Fisher Predating OwlCam Nest Box (5-17-03)

This picture shows the fisher (Martes Pennanti) as it returned for "one more look" after taking the last of the three barred owlets. The attack took place just before complete darkness and was visible only after a Photoshop level adjustment. The nest box tree is protected against raccoons by a 20-inch band of aluminum flashing, but this was no match for the fisher. The sounds even suggested that the fisher may have approached through the treetops and climbed down to the nest. The predation actually took place over two nights with the first owlet disappearing without any clue sometime during the night of the 16th or early morning of the 17th. The reason for the mysterious disappearance did not become apparent until the fisher returned for the remaining two owlets on the evening of the 17th and I reviewed the tape from which this frame was taken. The only noise made by the fisher during the attack was a low volume snorting sound. The owlets were two weeks old at the time of the attack. Both adults were away from the nest at the time of the attack. Had June been in the nest, recordings made over the years of the footsteps of unidentified "night stalkers" approaching the nest suggests that she may have foiled the attack. She responded to such approaches with a diversionary tactic in which she abruptly leaves the nest and snaps her beak at the intruder from a nearby perch. In all of these cases, the unidentified intruders could later be heard walking away from the nest. 

If the notion that animals are not capable of experiencing grief is correct, then June deserves an Academy Award for these sounds, which were recorded when she entered the nest shortly after returning to discover that the owlets were gone. The galloping sound between squeals and at the end is the sound that she normally makes to urge the owlets to eat.

October 10, 2003 Update

A review of a six-hour tape that was recorded between 8pm and 2am on the evening that  the first owlet disappeared provided some surprising insight into the nature of that attack. While only the first thirty minutes were recorded before complete darkness, the remaining sound-only portion of the tape also provided useful information. The video came from the inside-overhead camera, so that only audio recordings of activities outside the nest were available. The first indication of the fisher's approach came about thirty minutes before darkness when a loud thump could be heard on the roof. The owlets were alone at this time, but June quickly did a crash landing in the doorway and entered the nest, only to turn around and climb into the doorway to defend the nest. Over the next hour, the fisher could be heard approaching the doorway many times, but on each occasion, the sound of a lot of scuffling on the rail and in the doorway indicated that she was able to drive it away. These approaches grew less frequent over the next few hours and on two occasions, June went back into the nest and could be heard ripping up prey and feeding the owlets. She returned to the doorway every time the sound of the fisher was heard on the roof or rails. The tape ended at 2am with June still defending the nest. There were no further recordings of activities until 6am when daylight revealed only two owlets in the nest. Three things surprised me about this attack: First, June does not normally defend the nest from the inside when she is hopelessly overmatched. She would normally avoid being trapped in the nest by flying to a nearby branch and swooping down to harass the intruder. Second, she did not snap her beak during the defense. This is her instinctive reaction to a threat, and would probably have alerted me to what was going on. Third, there was no sign of Ward during the six hour ordeal. He normally returns and does a lot of hooting and swooping when the nest is threatened. A review of recordings of the owl that I had assumed to be Ward in the days after the attack showed that it was a younger male barred owl, and not Ward. Ward's subsequent absence throughout the summer and June's marathon hooting sessions make it possible that he perished defending the nest. If he did survive and returns, I will be able to recognize him by his voice, but there is no way to predict what might happen..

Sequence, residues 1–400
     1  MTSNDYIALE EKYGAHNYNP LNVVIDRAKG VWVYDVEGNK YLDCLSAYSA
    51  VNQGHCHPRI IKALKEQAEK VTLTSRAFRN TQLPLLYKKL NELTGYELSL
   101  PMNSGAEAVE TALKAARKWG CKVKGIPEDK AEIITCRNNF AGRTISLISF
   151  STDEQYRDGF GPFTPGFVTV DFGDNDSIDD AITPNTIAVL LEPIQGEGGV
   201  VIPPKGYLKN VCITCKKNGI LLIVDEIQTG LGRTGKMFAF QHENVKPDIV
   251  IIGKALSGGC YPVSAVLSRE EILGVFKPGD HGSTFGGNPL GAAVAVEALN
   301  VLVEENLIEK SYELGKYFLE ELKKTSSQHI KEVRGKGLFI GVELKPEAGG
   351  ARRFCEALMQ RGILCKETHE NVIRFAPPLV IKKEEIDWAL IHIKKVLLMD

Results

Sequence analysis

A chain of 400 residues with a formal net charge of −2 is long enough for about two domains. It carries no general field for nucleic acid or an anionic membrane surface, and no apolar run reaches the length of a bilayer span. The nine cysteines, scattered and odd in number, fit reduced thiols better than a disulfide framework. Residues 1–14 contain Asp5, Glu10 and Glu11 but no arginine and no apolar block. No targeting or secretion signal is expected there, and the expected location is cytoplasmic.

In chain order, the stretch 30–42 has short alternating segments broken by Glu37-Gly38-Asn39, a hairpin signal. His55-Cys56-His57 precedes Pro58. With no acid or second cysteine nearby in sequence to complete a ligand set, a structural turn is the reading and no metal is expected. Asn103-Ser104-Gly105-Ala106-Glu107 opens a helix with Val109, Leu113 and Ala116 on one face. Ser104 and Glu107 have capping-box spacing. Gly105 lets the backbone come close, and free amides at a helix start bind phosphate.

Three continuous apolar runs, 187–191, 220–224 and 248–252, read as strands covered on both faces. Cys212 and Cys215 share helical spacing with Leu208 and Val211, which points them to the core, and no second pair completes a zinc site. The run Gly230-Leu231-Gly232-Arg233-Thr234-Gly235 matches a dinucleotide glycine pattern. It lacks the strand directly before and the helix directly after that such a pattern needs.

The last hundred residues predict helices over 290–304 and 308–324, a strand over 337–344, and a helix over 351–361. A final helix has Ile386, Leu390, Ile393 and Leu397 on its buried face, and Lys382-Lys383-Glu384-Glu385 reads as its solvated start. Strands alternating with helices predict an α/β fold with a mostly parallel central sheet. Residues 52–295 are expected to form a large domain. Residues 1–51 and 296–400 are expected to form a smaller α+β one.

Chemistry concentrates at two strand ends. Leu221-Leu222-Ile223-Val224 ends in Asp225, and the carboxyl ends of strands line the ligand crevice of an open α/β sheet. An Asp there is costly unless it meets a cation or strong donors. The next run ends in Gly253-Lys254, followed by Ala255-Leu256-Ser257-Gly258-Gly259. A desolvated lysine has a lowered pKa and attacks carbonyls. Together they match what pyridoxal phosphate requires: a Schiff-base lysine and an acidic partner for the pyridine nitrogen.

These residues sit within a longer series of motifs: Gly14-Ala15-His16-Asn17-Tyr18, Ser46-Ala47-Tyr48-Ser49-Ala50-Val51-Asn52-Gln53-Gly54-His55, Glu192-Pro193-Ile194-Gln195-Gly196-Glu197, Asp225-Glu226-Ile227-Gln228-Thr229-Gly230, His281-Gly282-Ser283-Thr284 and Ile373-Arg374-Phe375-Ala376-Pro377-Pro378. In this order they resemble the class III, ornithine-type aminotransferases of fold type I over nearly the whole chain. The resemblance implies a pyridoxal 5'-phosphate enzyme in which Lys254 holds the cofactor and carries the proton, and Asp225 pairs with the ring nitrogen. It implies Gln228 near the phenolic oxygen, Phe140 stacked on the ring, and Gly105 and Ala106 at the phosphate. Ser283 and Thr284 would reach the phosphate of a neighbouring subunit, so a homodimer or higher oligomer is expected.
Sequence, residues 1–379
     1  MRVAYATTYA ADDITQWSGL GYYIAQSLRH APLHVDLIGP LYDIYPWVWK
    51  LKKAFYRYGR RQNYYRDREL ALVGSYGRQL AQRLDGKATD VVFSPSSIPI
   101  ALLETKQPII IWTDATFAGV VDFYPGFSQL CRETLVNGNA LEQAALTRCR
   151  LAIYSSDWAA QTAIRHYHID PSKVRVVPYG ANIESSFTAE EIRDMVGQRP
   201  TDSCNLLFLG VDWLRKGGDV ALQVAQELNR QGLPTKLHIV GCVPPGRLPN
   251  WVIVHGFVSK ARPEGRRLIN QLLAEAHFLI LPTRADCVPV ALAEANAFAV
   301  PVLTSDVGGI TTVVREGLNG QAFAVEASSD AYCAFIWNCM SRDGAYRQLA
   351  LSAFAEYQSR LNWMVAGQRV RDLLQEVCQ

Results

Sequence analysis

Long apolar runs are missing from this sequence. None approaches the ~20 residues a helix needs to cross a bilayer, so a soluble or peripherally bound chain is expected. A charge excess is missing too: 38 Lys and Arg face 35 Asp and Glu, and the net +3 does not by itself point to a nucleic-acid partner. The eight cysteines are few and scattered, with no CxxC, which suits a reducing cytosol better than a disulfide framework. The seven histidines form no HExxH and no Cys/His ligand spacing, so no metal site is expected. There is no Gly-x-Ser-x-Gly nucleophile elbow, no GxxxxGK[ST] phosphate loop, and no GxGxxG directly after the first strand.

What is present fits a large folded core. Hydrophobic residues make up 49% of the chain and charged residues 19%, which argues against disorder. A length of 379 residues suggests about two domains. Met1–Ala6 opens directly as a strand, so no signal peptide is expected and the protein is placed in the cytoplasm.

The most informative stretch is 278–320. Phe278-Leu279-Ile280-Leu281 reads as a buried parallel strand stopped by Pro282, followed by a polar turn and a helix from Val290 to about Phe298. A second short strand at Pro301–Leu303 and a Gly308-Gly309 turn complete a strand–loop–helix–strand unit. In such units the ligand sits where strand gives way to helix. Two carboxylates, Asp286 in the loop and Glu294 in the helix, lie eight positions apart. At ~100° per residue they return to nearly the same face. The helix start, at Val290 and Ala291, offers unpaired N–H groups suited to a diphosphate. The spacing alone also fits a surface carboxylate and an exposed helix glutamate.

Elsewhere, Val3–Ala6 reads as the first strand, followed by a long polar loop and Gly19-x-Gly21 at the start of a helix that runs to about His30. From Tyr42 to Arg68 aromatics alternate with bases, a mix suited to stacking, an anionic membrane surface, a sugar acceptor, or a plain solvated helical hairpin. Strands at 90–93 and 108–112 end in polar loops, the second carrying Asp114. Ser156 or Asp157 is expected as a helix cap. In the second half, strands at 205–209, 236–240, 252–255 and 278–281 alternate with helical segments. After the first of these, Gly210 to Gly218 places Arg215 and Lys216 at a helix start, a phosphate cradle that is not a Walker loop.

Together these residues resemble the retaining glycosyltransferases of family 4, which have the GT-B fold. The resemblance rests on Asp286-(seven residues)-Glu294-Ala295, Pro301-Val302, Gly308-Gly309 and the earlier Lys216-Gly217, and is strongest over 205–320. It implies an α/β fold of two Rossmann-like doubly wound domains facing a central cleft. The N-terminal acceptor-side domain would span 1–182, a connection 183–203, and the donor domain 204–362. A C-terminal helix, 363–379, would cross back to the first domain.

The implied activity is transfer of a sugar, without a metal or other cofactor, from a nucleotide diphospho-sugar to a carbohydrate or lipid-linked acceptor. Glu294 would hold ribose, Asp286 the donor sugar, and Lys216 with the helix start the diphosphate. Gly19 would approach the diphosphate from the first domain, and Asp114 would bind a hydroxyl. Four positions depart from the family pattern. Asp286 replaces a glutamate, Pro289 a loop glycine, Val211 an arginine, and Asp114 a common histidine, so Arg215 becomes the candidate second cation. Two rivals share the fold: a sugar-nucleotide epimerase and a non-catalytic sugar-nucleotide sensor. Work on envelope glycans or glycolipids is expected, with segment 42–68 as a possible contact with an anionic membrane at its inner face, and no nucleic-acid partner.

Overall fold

Back To: May 17, 2003 Page

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